Pulling in the Slack

In the ever-evolving struggle to create a safe platform for its users, Slack has taken down over 2 dozen accounts that have been linked to known hate groups.

The collaborative hub and chat platform made the announcement in a blog post this week, stated that the use of Slack by hate groups countered their core values and everything they believed in. It reiterated that such groups were not welcome on their platform.

Moving forward, Slack stated when they receive information concerning any organization using Slack for illegal or prohibited purposes, they would take measures to investigate and respond accordingly, as their terms of service has been updated.  

Additional information concerning how the hate groups were fished out and removed from the platform was not disclosed in the brief announcement.

However, speculations have arisen that the development came into effect after the Unicorn Riot published a leaked document concerning Slack.

The leaked document revealed Identity Evropa – a white nationalist group – was making use of the platform to plan and organize events.

While Slack is known to be a platform that assists businesses to internalize their messages and file-sharing, Identity Evropa had taken advantage of the localized event planning feature to plan neo-Nazi events.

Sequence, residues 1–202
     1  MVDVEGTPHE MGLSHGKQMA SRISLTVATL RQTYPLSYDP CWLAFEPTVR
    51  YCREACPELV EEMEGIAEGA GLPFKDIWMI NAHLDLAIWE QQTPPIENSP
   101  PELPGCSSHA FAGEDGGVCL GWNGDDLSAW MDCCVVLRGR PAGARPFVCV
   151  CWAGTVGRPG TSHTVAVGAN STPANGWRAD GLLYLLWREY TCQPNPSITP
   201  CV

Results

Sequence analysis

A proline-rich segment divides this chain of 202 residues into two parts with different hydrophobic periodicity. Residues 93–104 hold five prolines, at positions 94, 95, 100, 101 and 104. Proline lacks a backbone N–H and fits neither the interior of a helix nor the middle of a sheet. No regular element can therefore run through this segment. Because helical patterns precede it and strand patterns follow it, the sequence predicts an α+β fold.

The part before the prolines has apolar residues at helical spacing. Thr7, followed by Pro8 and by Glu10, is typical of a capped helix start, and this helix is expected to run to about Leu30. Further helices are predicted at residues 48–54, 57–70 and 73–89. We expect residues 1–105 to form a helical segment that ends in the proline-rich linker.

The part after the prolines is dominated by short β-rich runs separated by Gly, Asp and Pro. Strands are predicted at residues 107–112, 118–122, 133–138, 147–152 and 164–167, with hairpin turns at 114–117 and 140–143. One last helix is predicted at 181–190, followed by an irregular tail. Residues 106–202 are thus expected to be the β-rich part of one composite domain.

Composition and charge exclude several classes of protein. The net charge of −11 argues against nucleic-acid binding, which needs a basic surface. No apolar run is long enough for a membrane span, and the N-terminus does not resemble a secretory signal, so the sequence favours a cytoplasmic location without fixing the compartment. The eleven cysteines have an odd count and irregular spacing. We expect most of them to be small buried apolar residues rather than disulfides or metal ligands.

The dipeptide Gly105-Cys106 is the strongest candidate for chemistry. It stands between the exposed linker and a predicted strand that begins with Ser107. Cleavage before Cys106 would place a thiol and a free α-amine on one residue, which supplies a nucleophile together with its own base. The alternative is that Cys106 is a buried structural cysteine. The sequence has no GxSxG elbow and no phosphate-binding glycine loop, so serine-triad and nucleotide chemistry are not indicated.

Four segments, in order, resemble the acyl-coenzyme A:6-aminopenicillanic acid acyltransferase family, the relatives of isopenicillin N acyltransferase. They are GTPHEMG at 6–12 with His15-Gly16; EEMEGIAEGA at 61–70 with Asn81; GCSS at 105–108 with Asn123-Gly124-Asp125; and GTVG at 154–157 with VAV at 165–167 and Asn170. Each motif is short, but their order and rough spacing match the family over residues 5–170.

Identity Evropa quickly changed its name to American Identity Movement after the leaked documents were exposed.

In recent times, social media platform had begun to take stringent measures to curb activities that have been deemed inappropriate on its platforms.

YouTube, in a bid to curb the spread of pedophilia on its video-viewing service, had removed the comment feature on video of kids and teenagers. It only limited the feature to trusted channels that constantly monitor their comment section.

Facebook, in 2 separate lawsuits, sued 4 China-based companies over the marketing the sale of multiple fake accounts and sued Ukrainian-based hackers posing as quiz makers for stealing private user data.